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The art of readable code: simple and practiclal techniques for writing better code

By: Boswell, Dustin.
Contributor(s): Foucher, Trevor.
Material type: materialTypeLabelBookSeries: Publisher: New Delhi : O'Reilly, ©2012Description: x, 190 p. : ill ; 24 cm.ISBN: 9789350239544.Subject(s): Computer programming | Coding theory
Contents:
Code should be easy to understand -- pt. 1. Surface-level improvements. Packing information into names ; Names that can't be misconstrued ; Aesthetics ; Knowing what to comment ; Making comments precise and compact -- pt. 2. Simplifying loops and logic. Making control flow easy to read ; Breaking down giant expressions ; Variables and readability -- pt. 3. Reorganizing your code. Extracting unrelated subproblems ; One task at a time ; Turning thoughts into code ; Writing less code -- pt. 4. Selected topics. Testing readability ; Designing and implementing a "minute/hour counter."
Summary: As programmers, we've all seen source code that's so ugly and buggy it makes our brain ache. Over the past five years, authors Dustin Boswell and Trevor Foucher have analyzed hundreds of examples of "bad code" (much of it their own) to determine why they're bad and how they could be improved. Their conclusion? You need to write code that minimizes the time it would take someone else to understand it -- even if that someone else is you. This book focuses on basic principles and practical techniques you can apply every time you write code. Using easy-to-digest code examples from different languages, each chapter dives into a different aspect of coding, and demonstrates how you can make your code easy to understand. Simplify naming, commenting, and formatting with tips that apply to every line of code; Refine your program's loops, logic, and variables to reduce complexity and confusion; Attack problems at the function level, such as reorganizing blocks of code to do one task at a time; Write effective test code that is thorough and concise, as well as readable. - Publisher.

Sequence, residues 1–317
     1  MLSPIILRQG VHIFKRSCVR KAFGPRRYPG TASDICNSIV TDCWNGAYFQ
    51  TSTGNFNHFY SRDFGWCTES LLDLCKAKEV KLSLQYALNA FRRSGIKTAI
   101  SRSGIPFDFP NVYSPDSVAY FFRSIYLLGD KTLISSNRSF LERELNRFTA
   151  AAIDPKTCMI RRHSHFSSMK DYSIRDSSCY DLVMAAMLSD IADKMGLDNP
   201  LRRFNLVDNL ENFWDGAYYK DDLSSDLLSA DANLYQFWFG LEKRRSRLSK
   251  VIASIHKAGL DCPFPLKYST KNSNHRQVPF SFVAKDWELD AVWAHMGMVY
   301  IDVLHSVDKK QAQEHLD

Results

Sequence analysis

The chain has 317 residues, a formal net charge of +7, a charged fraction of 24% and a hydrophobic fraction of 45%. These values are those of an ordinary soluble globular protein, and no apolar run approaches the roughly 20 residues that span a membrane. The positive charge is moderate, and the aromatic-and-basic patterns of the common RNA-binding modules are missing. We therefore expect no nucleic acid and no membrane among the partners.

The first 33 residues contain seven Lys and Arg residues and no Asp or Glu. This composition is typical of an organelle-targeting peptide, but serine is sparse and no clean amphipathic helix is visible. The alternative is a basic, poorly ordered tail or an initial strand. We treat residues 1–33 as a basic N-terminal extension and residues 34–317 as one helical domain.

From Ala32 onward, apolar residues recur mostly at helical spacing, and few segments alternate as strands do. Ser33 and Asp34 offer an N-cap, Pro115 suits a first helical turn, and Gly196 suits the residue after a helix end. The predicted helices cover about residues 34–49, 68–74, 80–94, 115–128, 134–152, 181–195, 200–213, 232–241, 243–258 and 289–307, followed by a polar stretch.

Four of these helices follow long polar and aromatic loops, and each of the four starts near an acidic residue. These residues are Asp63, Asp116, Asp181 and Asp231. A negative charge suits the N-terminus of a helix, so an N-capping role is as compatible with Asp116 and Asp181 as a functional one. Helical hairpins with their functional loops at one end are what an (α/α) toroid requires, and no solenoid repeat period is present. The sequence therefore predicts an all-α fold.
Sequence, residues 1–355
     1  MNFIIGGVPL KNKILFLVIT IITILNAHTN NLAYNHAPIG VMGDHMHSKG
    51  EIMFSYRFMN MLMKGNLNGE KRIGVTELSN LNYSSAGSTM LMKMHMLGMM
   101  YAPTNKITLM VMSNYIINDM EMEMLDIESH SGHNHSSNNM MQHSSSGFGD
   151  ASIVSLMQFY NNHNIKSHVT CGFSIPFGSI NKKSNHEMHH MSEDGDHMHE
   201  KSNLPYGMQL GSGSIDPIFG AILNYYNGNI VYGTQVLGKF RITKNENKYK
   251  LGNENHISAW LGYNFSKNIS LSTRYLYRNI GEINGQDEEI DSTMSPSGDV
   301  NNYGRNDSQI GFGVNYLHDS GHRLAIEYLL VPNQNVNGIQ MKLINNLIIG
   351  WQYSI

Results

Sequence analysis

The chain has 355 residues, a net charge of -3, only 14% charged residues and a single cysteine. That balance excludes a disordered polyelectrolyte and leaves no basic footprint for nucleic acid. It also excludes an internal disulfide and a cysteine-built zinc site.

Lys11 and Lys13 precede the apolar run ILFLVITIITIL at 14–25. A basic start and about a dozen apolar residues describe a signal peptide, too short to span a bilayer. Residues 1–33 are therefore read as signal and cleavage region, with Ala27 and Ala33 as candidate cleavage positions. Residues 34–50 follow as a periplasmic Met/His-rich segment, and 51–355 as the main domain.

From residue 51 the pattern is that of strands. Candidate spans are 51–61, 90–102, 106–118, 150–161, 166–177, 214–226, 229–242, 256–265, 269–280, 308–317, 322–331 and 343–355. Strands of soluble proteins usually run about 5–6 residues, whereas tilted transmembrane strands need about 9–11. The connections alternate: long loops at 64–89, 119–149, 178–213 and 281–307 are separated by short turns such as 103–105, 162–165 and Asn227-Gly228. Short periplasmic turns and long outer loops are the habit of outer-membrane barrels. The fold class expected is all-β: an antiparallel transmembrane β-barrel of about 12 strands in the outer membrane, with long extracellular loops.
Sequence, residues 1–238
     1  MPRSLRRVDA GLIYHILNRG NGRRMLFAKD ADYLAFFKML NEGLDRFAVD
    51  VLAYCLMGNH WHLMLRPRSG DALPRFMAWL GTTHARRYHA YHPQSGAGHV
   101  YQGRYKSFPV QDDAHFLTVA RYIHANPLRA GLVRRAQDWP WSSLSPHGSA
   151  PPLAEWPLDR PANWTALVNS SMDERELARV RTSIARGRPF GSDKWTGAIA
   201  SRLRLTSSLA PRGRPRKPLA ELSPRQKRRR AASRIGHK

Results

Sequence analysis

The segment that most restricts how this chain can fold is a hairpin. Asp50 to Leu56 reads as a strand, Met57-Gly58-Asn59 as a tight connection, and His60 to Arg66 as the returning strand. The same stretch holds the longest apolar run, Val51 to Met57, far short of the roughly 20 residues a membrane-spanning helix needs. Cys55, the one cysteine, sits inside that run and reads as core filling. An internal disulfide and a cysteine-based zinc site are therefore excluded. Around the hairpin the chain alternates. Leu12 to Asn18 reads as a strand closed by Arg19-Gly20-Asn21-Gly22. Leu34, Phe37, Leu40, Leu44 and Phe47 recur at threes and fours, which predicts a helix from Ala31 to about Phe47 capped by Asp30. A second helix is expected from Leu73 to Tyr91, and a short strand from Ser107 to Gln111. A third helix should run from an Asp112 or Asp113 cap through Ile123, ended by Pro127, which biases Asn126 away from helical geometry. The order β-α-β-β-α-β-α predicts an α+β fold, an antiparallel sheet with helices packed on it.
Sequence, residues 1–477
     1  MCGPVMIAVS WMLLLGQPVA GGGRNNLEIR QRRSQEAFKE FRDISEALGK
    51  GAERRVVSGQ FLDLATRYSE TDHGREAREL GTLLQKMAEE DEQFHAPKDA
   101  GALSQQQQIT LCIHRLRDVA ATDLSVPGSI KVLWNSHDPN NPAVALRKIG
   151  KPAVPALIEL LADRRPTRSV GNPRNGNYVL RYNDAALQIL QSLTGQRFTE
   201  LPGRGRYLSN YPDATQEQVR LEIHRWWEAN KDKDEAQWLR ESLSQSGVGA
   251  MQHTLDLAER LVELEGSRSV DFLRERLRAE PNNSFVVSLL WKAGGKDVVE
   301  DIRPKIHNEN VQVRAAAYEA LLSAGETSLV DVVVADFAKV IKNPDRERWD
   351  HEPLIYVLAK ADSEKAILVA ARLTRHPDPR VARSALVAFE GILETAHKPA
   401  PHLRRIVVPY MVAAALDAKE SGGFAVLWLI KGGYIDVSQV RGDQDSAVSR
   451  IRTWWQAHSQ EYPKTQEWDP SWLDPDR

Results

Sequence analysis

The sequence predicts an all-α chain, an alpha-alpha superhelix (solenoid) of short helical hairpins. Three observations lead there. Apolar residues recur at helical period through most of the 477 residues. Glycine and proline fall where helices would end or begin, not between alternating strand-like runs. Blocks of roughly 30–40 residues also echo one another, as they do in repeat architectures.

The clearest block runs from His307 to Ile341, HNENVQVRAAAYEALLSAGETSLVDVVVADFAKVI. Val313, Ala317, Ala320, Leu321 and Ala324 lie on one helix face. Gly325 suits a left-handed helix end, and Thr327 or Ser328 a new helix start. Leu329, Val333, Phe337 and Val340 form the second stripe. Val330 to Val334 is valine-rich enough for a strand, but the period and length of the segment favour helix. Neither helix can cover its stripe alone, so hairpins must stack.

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"Simple and practical techniques for writing better code"--Cover.

"Nutshell handbook"--T.p. verso.

Includes bibliographical references (p. 182-184) and index.

Code should be easy to understand -- pt. 1. Surface-level improvements. Packing information into names ; Names that can't be misconstrued ; Aesthetics ; Knowing what to comment ; Making comments precise and compact -- pt. 2. Simplifying loops and logic. Making control flow easy to read ; Breaking down giant expressions ; Variables and readability -- pt. 3. Reorganizing your code. Extracting unrelated subproblems ; One task at a time ; Turning thoughts into code ; Writing less code -- pt. 4. Selected topics. Testing readability ; Designing and implementing a "minute/hour counter."

As programmers, we've all seen source code that's so ugly and buggy it makes our brain ache. Over the past five years, authors Dustin Boswell and Trevor Foucher have analyzed hundreds of examples of "bad code" (much of it their own) to determine why they're bad and how they could be improved. Their conclusion? You need to write code that minimizes the time it would take someone else to understand it -- even if that someone else is you. This book focuses on basic principles and practical techniques you can apply every time you write code. Using easy-to-digest code examples from different languages, each chapter dives into a different aspect of coding, and demonstrates how you can make your code easy to understand. Simplify naming, commenting, and formatting with tips that apply to every line of code; Refine your program's loops, logic, and variables to reduce complexity and confusion; Attack problems at the function level, such as reorganizing blocks of code to do one task at a time; Write effective test code that is thorough and concise, as well as readable. - Publisher.

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